While no one wants computers to replace human doctors, AI systems can help make them more effective in treating patients. Just how do these systems show promise for the medical field?
Computers as Digital Doctors
Machines don't have emotions -- at least not yet. So you have good reason to wonder about a digital doctor's bedside manner. But look at it this way: No matter how caring and compassionate that flesh-and-blood physician is, she may get things wrong an alarming amount of the time. Studies of autopsies, in fact, have shown that doctors seriously misdiagnose fatal illnesses in about one in five cases. And even more alarmingly, that error rate hasn't improved much since the 1930s, despite the vast amount of new medical knowledge and diagnostic tools -- ranging from MRI scanning to genetic tests -- that we've amassed since then [source: Leonhardt].
The unsettling fact is that human healers miss signs and make mistakes, and that's where computers can be of help. In the late 1990s, a British girl named Isabel Maude nearly died after her doctors diagnosed a flesh-eating bacteria infection as chicken pox. Her father Jason was so shaken by the experience that he decided to change his career. He left his job in corporate finance to found a new company, Isabel Healthcare, to help improve diagnoses. The company developed a program called Isabel, which allows doctors to type in a patient's symptoms. After probing a database of 100,000 medical sources, Isabel uses a set of specially developed problem-solving algorithms to generate a list of all the possible causes, including non-obvious ones that doctors may have overlooked. Within months of its launch in 2002, Isabel attracted 20,000 physician users in 100 countries. Today, the program is utilized in hospitals in the U.S. and abroad, and the American Medical Association offers it to members as a support tool on its Web site [source: Leonhardt, Isabelhealthcare.com].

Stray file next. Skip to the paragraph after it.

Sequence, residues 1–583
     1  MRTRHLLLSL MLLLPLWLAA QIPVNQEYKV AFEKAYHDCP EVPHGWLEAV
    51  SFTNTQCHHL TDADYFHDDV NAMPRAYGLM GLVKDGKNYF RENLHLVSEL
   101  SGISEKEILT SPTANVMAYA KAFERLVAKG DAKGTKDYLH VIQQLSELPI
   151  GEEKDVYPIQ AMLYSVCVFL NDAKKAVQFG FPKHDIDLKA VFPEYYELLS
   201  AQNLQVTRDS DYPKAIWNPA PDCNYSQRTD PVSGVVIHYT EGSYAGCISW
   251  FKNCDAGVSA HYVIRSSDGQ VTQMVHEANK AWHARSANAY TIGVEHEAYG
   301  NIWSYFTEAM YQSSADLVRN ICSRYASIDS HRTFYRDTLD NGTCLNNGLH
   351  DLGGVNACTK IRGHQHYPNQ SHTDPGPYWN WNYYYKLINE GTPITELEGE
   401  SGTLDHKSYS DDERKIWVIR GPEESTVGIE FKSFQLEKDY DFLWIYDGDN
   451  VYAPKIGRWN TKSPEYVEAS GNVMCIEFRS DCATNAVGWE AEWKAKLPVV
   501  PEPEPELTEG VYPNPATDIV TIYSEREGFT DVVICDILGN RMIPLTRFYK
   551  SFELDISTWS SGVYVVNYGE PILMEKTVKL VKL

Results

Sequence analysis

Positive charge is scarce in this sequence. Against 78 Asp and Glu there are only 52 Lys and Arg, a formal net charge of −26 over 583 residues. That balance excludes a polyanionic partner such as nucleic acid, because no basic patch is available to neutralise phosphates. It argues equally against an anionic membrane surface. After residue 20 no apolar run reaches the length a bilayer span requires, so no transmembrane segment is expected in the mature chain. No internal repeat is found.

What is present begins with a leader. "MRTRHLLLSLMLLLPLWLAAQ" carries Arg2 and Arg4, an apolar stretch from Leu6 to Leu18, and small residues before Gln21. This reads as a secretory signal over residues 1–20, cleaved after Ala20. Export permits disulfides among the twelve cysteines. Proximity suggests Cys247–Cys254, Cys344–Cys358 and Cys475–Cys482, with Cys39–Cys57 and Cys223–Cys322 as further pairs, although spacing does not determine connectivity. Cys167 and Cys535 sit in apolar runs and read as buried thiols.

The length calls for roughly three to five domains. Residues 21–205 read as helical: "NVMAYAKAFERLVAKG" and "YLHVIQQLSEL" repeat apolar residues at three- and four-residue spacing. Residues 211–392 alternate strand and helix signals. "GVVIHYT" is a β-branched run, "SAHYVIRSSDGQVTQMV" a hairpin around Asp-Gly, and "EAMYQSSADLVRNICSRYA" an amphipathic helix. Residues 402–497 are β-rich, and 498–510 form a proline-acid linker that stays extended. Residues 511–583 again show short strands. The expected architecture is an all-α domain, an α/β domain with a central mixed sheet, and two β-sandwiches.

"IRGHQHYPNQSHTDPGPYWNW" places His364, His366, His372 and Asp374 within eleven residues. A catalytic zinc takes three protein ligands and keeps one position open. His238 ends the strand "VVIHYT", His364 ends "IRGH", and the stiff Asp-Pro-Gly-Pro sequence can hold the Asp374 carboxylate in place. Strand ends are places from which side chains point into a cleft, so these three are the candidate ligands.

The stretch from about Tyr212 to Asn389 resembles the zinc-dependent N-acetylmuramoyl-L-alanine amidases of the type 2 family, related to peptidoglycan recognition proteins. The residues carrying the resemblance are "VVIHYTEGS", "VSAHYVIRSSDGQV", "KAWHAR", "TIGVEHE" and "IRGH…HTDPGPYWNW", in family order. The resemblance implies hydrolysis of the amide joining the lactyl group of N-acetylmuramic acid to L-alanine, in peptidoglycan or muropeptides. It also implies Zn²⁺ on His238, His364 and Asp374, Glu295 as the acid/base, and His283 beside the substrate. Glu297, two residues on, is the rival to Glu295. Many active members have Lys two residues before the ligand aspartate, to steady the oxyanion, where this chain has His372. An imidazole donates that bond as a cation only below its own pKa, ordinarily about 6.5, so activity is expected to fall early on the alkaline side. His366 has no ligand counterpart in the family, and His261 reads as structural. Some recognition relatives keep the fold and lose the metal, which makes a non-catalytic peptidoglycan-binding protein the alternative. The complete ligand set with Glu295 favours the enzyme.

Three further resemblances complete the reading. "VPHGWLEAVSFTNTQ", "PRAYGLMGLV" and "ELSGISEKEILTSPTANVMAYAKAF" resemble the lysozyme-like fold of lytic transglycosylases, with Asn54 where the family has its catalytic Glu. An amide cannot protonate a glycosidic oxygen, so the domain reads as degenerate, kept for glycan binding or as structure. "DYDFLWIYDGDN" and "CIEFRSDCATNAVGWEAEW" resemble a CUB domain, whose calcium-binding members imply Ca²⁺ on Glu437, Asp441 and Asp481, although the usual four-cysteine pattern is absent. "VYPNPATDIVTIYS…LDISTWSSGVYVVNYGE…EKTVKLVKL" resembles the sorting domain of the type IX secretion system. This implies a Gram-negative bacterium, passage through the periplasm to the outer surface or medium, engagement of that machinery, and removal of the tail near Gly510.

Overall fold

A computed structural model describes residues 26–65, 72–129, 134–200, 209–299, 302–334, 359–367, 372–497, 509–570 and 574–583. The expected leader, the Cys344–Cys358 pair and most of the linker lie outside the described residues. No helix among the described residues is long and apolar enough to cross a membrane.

Recently, the National Library of Medicine has been working to develop a similar intelligent medical assistant that could answer patients' questions based in part on the answers to close to 200,000 queries posed by both medical and lay users at the Web site AskTheDoctor.com [source: PRWeb].
But the use of supercomputers, which can amass and crunch even more massive amounts of information, may enhance AI's potential even further.